In the week before the 2001 season began, Tim Bracken went from being named Michigan’s starting running back to using a walker to get to the bathroom in his dorm.

Paul Wong

After redshirting his freshman season in 2000 and watching fellow freshman Chris Perry take control of the backup duties behind Anthony Thomas, Bracken beat out Perry and B.J. Askew for the starting role to begin last season. That is, until he experienced a career-threatening injury to his leg.

“It was really hard,” Bracken reminisced. “Just sitting out one year is hard enough, but having to sit out that second year, it was … really stressful.”

It was so stressful that Perry, his neighbor last year, still “thanks God” that his nagging injuries were nothing like Bracken’s.

Bracken neglected to talk to anyone about his heartbreak for about a month and a half because “every time I did, it made me feel bad,” Bracken said. “I just stayed to myself.”

The redshirt sophomore had to watch his teammates contributing on the field while he spent his time getting treatment in the training room. He felt guilty that he wasn’t doing anything to “better the team.”

It was especially tough to watch his fellow running backs struggle to produce, finishing eighth in the Big Ten in rushing offense.

“It was hard watching (last year’s backs) take a lot of criticism from everybody, saying that the running game was struggling (and having) doubts about the Michigan backs,” Bracken said. “It made me really upset, but after a while, I learned to deal with it, and the only way I was going to get better was to stay strong.”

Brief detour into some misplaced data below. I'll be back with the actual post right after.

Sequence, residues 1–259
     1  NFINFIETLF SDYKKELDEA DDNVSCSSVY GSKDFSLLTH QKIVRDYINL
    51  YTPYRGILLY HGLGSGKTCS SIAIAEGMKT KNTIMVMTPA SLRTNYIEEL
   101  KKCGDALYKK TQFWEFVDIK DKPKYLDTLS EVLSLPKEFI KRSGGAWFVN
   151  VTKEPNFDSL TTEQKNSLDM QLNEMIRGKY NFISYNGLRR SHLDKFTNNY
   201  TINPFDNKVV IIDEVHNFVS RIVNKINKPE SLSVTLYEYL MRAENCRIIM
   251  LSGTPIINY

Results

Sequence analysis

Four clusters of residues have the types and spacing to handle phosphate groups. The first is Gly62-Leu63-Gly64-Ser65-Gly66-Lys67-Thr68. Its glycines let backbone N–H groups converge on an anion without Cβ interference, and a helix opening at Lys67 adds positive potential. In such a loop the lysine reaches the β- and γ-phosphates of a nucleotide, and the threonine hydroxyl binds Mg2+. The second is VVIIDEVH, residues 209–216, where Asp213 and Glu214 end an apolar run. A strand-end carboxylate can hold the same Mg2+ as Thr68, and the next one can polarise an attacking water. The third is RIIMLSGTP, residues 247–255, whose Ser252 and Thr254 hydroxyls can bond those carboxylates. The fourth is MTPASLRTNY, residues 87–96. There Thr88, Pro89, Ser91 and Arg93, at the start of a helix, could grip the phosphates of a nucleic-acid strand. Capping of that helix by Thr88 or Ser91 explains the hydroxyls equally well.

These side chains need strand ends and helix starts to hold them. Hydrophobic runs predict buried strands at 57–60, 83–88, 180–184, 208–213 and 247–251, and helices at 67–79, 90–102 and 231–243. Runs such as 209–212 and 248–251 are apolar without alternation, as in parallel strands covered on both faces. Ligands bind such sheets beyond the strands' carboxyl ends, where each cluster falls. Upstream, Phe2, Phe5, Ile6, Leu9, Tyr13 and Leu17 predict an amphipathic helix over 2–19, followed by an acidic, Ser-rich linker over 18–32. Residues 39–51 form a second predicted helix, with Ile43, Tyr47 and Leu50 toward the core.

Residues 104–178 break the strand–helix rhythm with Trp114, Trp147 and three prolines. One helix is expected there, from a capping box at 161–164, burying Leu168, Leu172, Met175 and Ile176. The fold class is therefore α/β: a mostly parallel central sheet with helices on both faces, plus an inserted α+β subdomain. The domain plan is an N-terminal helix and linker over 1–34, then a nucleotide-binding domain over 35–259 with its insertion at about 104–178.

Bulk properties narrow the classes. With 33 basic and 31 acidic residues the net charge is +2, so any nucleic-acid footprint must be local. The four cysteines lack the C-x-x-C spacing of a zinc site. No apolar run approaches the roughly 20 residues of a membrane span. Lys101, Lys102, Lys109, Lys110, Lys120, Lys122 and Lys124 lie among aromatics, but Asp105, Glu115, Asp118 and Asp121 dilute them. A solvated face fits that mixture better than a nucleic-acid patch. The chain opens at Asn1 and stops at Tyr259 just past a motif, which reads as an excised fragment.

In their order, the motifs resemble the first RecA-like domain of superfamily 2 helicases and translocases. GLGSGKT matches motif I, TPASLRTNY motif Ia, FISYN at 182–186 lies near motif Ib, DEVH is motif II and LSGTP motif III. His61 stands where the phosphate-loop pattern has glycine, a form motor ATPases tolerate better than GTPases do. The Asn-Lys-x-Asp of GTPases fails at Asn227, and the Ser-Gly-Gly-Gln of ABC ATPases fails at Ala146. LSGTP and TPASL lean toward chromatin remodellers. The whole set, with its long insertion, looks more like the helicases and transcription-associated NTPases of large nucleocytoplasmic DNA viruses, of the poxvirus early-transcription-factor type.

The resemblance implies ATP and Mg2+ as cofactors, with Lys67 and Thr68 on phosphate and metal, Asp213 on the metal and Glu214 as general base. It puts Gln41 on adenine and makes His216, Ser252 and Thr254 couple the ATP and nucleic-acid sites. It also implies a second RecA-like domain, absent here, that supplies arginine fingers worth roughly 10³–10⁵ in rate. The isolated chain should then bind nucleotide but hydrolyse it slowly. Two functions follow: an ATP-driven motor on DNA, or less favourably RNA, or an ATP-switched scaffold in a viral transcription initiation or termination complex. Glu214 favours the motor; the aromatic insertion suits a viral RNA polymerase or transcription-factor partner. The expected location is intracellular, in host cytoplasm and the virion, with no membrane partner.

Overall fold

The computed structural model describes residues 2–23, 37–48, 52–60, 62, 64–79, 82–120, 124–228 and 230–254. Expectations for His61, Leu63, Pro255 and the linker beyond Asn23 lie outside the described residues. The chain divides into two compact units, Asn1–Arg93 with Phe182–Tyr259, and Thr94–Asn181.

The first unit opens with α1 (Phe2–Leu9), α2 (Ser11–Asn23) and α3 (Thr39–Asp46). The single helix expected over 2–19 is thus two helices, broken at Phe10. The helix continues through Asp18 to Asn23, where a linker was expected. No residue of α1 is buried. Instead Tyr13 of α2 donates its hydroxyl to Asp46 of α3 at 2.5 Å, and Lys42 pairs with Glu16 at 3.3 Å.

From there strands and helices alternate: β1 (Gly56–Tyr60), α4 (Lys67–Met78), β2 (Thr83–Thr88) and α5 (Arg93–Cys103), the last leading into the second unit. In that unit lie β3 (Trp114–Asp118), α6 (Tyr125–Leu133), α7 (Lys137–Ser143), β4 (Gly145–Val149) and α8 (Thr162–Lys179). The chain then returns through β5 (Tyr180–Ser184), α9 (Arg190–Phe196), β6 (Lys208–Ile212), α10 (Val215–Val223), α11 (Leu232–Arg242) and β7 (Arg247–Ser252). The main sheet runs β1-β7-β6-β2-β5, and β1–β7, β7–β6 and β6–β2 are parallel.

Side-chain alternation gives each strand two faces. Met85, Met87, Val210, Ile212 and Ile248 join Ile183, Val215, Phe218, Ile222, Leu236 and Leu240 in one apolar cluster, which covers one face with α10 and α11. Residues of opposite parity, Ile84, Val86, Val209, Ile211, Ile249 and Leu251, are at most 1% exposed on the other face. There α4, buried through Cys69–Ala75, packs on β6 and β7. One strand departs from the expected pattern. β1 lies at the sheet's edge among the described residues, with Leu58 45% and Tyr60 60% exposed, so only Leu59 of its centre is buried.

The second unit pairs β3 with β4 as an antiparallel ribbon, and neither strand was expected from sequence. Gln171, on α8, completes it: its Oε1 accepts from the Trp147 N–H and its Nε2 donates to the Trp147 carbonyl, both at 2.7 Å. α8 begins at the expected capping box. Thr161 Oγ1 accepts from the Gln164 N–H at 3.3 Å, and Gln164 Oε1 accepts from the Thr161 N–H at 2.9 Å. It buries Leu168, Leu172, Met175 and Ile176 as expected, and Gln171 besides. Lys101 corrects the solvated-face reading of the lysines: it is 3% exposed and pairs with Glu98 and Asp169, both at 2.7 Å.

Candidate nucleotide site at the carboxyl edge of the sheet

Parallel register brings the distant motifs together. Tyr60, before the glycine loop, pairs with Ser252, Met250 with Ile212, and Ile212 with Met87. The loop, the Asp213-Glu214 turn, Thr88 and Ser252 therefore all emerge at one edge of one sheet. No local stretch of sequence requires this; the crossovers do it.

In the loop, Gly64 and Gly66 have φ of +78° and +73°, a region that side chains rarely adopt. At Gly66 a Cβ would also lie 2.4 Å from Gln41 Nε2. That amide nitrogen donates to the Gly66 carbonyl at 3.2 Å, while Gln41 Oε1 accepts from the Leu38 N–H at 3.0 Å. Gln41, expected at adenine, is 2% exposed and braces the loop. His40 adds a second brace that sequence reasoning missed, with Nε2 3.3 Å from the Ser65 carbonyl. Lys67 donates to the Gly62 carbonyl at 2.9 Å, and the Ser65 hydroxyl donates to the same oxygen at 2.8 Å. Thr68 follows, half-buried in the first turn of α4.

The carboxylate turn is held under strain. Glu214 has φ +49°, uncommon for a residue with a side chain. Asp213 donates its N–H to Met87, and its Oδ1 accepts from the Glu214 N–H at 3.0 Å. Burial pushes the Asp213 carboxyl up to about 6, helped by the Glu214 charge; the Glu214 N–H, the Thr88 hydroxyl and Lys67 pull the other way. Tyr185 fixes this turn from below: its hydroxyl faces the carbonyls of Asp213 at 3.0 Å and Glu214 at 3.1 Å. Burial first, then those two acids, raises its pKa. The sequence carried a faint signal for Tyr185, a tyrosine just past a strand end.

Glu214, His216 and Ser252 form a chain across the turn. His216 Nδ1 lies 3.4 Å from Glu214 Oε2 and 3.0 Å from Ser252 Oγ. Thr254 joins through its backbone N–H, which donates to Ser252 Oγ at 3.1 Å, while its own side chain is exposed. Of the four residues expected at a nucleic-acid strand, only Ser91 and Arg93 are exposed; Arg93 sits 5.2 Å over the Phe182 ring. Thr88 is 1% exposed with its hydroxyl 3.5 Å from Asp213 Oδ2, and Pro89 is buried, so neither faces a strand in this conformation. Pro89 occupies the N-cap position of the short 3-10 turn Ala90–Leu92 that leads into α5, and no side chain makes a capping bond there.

With the help of Perry and other teammates and trainers, Bracken regained the motivation that earned him the starting role last August. He stopped keeping to himself and moping about his situation and refocused his efforts on becoming stronger in the weight room. He wanted to prove to the doubters that Michigan could and would have a good running game in 2002.

“Everything that happened was something to motivate me,” Bracken said.

This past Saturday at Michigan Stadium, Bracken, now in his third year at Michigan, finally got that elusive first carry. He earned it. The White Castle, La. native ran 12 times for 50 yards, showing a quickness that separates him from Michigan’s other backs.

“He looked great,” quarterback Spencer Brinton said. “To be able to come back from such a tough situation, to break your femur, I mean how many people are able to come back from that and stay positive.”

The 5-foot-10, 207-pounder juked and pushed his way down field as the fourth quarter clock rolled down, but thanks to a Western Michigan stop at the goalline as time expired, he couldn’t earn his first touchdown.

“I was hoping he’d get in and score,” Perry said. “I thought he did on that last play.”

Michigan coach Lloyd Carr said that Bracken’s showing “was the best that he has played. He has a different style than Chris (Perry) or David (Underwood) and if he keeps coming, it will be a big load off of Chris’ shoulders.”

That style Carr referred to reminds many of former Michigan star Tim Biakabatuka, known for his shiftyness and ability to cut on a dime. There is no doubt that Carr has big plans for incorporating Bracken’s skills into the offense.

“I think he’s a guy that has what I call great in-line quickness,” Carr said. “He can make the shallow cuts, and the real sharp cut that a lot of people can’t make. He’s good in the open field, and he has good hands. He’s a guy that plays with a lot of energy, a lot of enthusiasm, and I’m looking forward to seeing how he comes.”

Bracken is coming along just fine. He’s admittedly stronger than before the injury, and said before fall practice started that it “felt really well” when he cut and planted his leg. There are no more doubts – in his mind, at least.

Perry, who has rushed for 238 yards in his first two games, is looking forward to having Bracken to relieve him. But Perry won’t concede that the possible 1-2 punch will be a “Thunder and Lightning” scenario.

“I wouldn’t like to think I’m just a pounding back, hopefully I can make people miss as well,” Perry said. “But he’s a great back, and he’s really quick off the ball. He’s had some bad luck in his years here, so it was really nice to see him get his quickness back.”

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